We have ranked the information items shown in Fig. 3 from 1 to 30, with 1 being the most important feature (i.e. the one that received the highest mean rating) and 30 being the least important. Apart from the overall ranking (see Table 1), we computed the ranking for each user role separately, to find differences in relative importance. We will report this difference in what follows by the difference in rank compared to the overall rank, mentioning only those items that deviate by at least 4 positions in the ranking. For example, authors of ontology papers are less interested in the knowledge acquisition methodology (-7) than the mean. Indeed, if only the scores of respondents that are ontology authors are considered, the MIRO item “knowledge acquisition methodology” would fall 7 places in rank order (from position 14 to 21).
Depending on the role of the respondents, some ratings differed markedly in their overall rank. Apart from the above-mentioned uninterest in the knowledge acquisition methodology, authors of ontology papers are less interested in the identifier generation policy (-6) and the reference to the repository holding the ontology (-4) compared to the overall ranking. On the other hand, they are more interested in upper ontologies (6) and the community that is being engaged to develop the ontology (6) than all of the other groups.
Developers are less interested in reporting about testing (-6), while they care more about the sustainability plan (5) and an entity deprecation strategy (6) than the mean. That ontology developers rank testing so low (rank 24 of 30 items on the developers ranking) is, at least to us, worrying. Testing should be a critical part of the development lifecycle, and reporting on the results of this testing is crucial for increasing confidence in potential users. Reviewers, like authors, find the knowledge acquisition methodology less important than the mean (-6), while they, perhaps surprisingly given their role, ascribed considerably more importance to information on why the ontology is needed (5). Ontology users care less than the rest about which upper ontologies are used (-4) but rank the entity deprecation strategy (7) higher than the mean. Lastly, readers of ontology papers are less interested to learn about the knowledge acquisition methodology (-6) as well as details on the entity metadata policy (-5) compared to the mean, while caring more than the mean about the sustainability plan (5) and the entity deprecation strategy (5) - the latter two items both associated broadly with considerations for planning and risk.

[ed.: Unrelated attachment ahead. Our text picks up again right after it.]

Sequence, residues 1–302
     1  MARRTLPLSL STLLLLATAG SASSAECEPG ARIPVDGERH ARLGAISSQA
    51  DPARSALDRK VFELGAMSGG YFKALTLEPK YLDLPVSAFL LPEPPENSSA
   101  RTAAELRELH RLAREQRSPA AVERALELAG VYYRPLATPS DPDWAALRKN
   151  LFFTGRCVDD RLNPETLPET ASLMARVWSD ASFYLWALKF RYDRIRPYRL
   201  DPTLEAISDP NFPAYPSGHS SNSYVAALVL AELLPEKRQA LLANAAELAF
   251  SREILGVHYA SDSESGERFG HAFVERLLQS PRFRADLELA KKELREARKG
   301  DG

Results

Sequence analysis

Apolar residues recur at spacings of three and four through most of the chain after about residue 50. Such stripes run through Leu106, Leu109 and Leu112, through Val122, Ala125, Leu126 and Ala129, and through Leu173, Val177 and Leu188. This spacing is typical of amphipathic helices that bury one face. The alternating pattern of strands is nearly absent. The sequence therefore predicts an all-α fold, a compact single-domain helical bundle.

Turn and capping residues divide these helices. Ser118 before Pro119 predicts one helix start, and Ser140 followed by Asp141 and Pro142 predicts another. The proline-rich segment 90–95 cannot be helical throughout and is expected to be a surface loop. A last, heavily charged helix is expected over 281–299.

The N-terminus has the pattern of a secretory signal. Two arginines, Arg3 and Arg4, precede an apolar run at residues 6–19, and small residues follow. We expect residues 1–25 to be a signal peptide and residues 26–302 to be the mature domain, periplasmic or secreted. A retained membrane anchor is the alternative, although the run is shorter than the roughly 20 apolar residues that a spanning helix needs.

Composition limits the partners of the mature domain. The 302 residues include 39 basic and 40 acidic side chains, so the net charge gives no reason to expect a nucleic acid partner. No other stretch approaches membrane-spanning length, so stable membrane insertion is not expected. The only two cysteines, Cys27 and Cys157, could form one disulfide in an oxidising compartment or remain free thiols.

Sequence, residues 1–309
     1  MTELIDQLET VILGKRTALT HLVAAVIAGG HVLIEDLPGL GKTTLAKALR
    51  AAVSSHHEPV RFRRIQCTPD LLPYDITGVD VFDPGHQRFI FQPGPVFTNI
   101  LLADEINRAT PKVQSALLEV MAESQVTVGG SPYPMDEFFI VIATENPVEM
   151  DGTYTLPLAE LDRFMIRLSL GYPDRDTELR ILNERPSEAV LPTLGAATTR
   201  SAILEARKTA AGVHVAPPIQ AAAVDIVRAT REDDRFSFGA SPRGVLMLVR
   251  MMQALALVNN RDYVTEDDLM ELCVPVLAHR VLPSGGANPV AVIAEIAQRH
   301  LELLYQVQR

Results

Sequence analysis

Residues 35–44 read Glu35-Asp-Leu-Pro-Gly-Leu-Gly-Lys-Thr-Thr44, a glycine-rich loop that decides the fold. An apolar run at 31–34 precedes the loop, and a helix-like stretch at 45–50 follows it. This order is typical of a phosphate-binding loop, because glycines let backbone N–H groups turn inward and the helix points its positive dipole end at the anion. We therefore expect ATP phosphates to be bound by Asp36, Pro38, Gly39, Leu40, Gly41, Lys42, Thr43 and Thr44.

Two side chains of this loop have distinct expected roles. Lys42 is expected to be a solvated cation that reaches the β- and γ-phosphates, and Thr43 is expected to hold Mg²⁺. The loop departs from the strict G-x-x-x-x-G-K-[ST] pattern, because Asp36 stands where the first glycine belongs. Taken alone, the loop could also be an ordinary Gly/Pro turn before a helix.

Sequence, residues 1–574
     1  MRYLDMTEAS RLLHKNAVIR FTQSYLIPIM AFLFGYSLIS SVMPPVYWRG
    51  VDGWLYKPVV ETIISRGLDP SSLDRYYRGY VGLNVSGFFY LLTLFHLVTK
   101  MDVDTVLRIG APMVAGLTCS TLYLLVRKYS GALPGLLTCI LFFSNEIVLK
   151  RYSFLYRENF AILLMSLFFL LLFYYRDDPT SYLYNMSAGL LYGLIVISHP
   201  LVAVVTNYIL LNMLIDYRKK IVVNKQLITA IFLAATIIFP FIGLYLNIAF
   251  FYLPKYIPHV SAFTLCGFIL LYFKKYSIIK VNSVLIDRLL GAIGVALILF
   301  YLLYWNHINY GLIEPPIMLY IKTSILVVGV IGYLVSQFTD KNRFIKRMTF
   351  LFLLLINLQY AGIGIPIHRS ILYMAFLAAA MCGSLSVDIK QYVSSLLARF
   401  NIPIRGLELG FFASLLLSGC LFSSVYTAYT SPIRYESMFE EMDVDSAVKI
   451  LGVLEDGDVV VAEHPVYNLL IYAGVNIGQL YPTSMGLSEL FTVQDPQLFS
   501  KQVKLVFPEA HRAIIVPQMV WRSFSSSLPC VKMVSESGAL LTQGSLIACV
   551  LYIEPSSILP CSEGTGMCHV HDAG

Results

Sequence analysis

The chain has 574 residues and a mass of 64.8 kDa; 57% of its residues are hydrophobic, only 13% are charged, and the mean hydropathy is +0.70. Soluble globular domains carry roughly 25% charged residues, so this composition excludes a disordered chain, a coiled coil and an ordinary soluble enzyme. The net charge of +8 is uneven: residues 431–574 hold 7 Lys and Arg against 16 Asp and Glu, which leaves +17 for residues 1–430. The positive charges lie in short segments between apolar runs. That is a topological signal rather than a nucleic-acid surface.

Analysis of comments
The MIRO as presented in the survey was restricted to very short descriptions, often only a simple label, and did not provide details on the individual information items. In the draft, the authors had provided some operationalisation for the information items. These were omitted from the survey to encourage as many comments about the items as possible. As a result of this feedback, we added four new information items to the original draft (for details, see “Ontology development reporting guidelines” section):
Evidence of use
Furthermore, we used the feedback to improve the operationalisation of the MIRO items, as well as perform some minor changes to the item labels.
In the following, we present our somewhat ancillary analysis of the most frequently discussed topics in the comment fields (see “Materials and methods” for details). Note that these categories do not always correspond to MIRO items. The reason for that is that we did not want to deviate too much from the labelling of the responders. Our goal was to capture areas of personal concern to the responders and establish a secondary metric of importance that is orthogonal to our main metric (the ratings) and provides further insight.
As can be seen in Table 2, the information item thought to be most important was that of coverage and scope. Put crudely, this is ‘what does the ontology claim to cover?’ and ‘in what detail is it covered by the ontology?’. This aspect of ontology reporting directly corresponds to the MIRO item “SRD: Scope and coverage”, which is placed sixth in the main ranking (see Table 1); the highest ranking, just after the basics: ontology URL, name, owner and license and “QA: Example of use”. The latter is also the information item that corresponds most closely to the second most important topic, “Use Case”, with 18 mentions. Responders were very interested for the report to reveal exactly the scenario for which the ontology was designed, to decide whether it is likely to fit their own. This interest was further reflected by the topic “Evidence of use”, which subsequently received its own MIRO item; people seem to just want to be reassured that the ontology was not merely developed for its own sake (or purely academic reasons) before they give it their trust and apply it to their own scenario.